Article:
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REVIEW: The Secret of Our Success, by Joseph Henrich
The Secret of Our Success: How Culture Is Driving Human Evolution, Domesticating Our Species, and Making Us Smarter, Joseph Henrich (Princeton University Press, 2015).
There are books that have had a greater influence on my thinking, and there are certainly books I’ve devoured with greater enjoyment, but The Secret of Our Success is probably the book I think about the most relative to how much I actually liked it. Henrich’s exploration of cultural evolution is good pop science: mostly not original material (and where it is, it’s psych lab studies that probably don’t replicate), but nevertheless well-presented and an engaging, accessible explanation of the developing field. It suggests some important questions, implies some surprisingly reactionary conclusions, and provides a grounding for other things I’d like to discuss in the future.1 So let’s jump right in.
We should start by clarifying exactly what we mean when we say “culture,” and Henrich’s definition is a pretty good one: culture is “the large body of practices, techniques, heuristics, tools, motivations, values, and beliefs that we all acquire while growing up, mostly by learning from other people.” This obviously involves physical technologies like ceramic techniques — archeologists often refer to an unknown people as “the [A Particular Way They Make Their Pots] culture” — but it also includes what we might call social technologies, everything from norms about queuing behavior to the institution of “in-laws” to the Iroquois practice of forcibly adopting enemy combatants into the group to replace fallen relatives or the medieval Icelandic transferrable right to prosecute a crime. Cultures generally come as bundles of related technologies: the Inuit kayak/leister/archery package won’t do you much good without the warm-clothes and snow-house technologies that allow you to stay warm in the Arctic, and arguably Inuit social technologies about emotional expression (don’t) and fictive kin-making (if you let a guest sleep with your wife he becomes your brother) go along with these because they encourage social stability in extremely close quarters.2 And it’s the existence of these social technologies, rather than toolmaking either physical or cognitive, that I find the most interesting — and the least discussed by Henrich himself. But before we can get there, I want to run through the big picture of the book for necessary context.
Henrich tackles the question of “culture and evolution” in two ways. He starts out with the less contentious, arguing that for at least the last million years our biological evolution has been driven more by our culture than by changes to our physical environment. Most primates, for instance, have huge guts, enormous molars, and powerful jaw muscles that allow them to chew and digest rough, fibrous plant matter. You, however, don’t. Feel up the side of your head as you open and close your jaw; you’ll find that the muscles you use for chewing stop around the level of your ear. Some of our australopithecine relatives’ jaw muscles went all the way up the sides of their heads and beyond, anchoring to a special bony crest at the top of the skull. We don’t need that, though, because we outsourced all that metabolically demanding muscle and gut (never mind the time it takes to gather and chew all that vegetable matter — gorillas spend half their day eating) to the mechanical processing and pre-digestion by heat or acid that we call “cooking.”3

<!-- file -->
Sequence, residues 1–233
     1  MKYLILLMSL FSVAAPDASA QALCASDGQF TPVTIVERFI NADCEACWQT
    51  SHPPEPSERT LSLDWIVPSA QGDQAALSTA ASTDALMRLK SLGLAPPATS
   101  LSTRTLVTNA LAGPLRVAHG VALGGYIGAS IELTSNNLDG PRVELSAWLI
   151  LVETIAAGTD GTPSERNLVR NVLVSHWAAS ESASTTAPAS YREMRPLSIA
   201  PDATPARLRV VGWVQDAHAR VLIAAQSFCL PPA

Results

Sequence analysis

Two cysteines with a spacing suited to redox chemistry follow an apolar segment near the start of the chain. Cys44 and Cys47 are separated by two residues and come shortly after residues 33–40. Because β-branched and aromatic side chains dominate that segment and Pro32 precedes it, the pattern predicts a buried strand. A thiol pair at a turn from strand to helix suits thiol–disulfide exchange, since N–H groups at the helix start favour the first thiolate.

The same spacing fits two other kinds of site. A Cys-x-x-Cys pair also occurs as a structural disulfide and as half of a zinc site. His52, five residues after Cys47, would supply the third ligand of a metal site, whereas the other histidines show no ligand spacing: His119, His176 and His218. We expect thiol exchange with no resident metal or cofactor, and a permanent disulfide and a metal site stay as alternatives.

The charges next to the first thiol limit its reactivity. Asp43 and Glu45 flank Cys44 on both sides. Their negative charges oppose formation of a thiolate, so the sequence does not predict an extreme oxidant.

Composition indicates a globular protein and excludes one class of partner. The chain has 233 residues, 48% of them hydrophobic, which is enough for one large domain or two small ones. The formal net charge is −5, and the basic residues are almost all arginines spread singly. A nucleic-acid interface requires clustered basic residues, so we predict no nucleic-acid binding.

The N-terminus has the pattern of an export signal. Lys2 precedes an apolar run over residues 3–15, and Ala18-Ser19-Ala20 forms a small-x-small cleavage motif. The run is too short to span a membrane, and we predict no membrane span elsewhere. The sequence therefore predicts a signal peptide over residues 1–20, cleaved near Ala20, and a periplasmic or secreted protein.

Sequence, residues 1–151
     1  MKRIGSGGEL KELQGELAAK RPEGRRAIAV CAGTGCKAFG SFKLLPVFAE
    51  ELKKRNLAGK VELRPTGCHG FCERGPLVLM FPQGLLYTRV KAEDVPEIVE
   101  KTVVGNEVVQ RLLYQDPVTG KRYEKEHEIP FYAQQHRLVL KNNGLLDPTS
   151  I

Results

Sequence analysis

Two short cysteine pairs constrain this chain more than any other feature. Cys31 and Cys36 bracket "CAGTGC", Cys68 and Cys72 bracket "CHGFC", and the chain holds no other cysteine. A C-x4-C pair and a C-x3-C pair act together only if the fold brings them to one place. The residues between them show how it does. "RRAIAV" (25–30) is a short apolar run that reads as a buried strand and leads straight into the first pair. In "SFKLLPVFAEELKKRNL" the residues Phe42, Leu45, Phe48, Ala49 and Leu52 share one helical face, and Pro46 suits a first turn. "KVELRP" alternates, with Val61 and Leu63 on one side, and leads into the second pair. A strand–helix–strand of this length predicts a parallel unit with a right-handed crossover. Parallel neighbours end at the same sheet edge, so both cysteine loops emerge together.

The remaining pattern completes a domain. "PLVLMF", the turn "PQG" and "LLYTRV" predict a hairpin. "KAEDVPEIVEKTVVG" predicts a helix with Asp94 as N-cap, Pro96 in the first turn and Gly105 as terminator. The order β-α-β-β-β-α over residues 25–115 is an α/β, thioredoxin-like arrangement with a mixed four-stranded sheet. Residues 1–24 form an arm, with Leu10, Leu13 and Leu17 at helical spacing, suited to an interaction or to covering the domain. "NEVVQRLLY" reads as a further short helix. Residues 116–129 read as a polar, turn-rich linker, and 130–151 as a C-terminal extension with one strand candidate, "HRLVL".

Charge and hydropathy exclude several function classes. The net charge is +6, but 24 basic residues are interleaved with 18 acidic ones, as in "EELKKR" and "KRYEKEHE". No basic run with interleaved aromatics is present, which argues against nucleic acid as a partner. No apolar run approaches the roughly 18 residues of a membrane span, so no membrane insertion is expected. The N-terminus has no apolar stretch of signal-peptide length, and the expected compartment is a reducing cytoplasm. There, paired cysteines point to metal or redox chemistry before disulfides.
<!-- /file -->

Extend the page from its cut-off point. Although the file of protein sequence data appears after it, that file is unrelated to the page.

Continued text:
There are plenty of adaptations more recently, of course. Consider lactase persistence, independently evolved among at least three different populations of pastoralists for whom the ability to drink animal milk into adulthood would have opened up a valuable new source of calories — but not among other pastoralists who had developed fermentation techniques that removed most of the lactose from their dairy products. Or the AMY1 gene, which codes for a protein that helps the saliva to break down starchy foods: the Hadza, an African hunter-gatherer group who have been genetically and geographically isolated for tens of thousands of years in an environment rich in starchy tubers, have up to fifteen copies of the gene, where groups whose historical diet is not high in starch tend to have many fewer copies. And similarly for the gene-culture coevolution that leads to pale skin among agriculturalists but not foragers at high latitudes (cereal crops being much lower in vitamin D than fish or meat), and so forth.
So far, so familiar from any book about human evolution, but most of Henrich’s time is spent showing that it goes the other way, too: our material circumstances drive changes in our culture. The tremendous variety of fishhooks across Oceania are just as adapted to each island’s unique conditions as the beaks of Darwin’s finches, but unlike the finches a fishhook “generation” can be as rapid as a few fishing trips — and more importantly, the alterations don’t have to wait for a beneficial de novo mutation. All it takes is one person fiddling with the design and someone else watching. Humans have substantial raw brainpower compared to other primates, but the real secret sauce is our ability to learn from watching others and our sophisticated mechanisms for choosing whom to watch. Even as babies, we naturally monitor the competence and relative prestige of those around us and preferentially adopt the behavior of the most successful.4 Occasionally (through chance or inspiration), we innovate on it. Thus does culture evolve.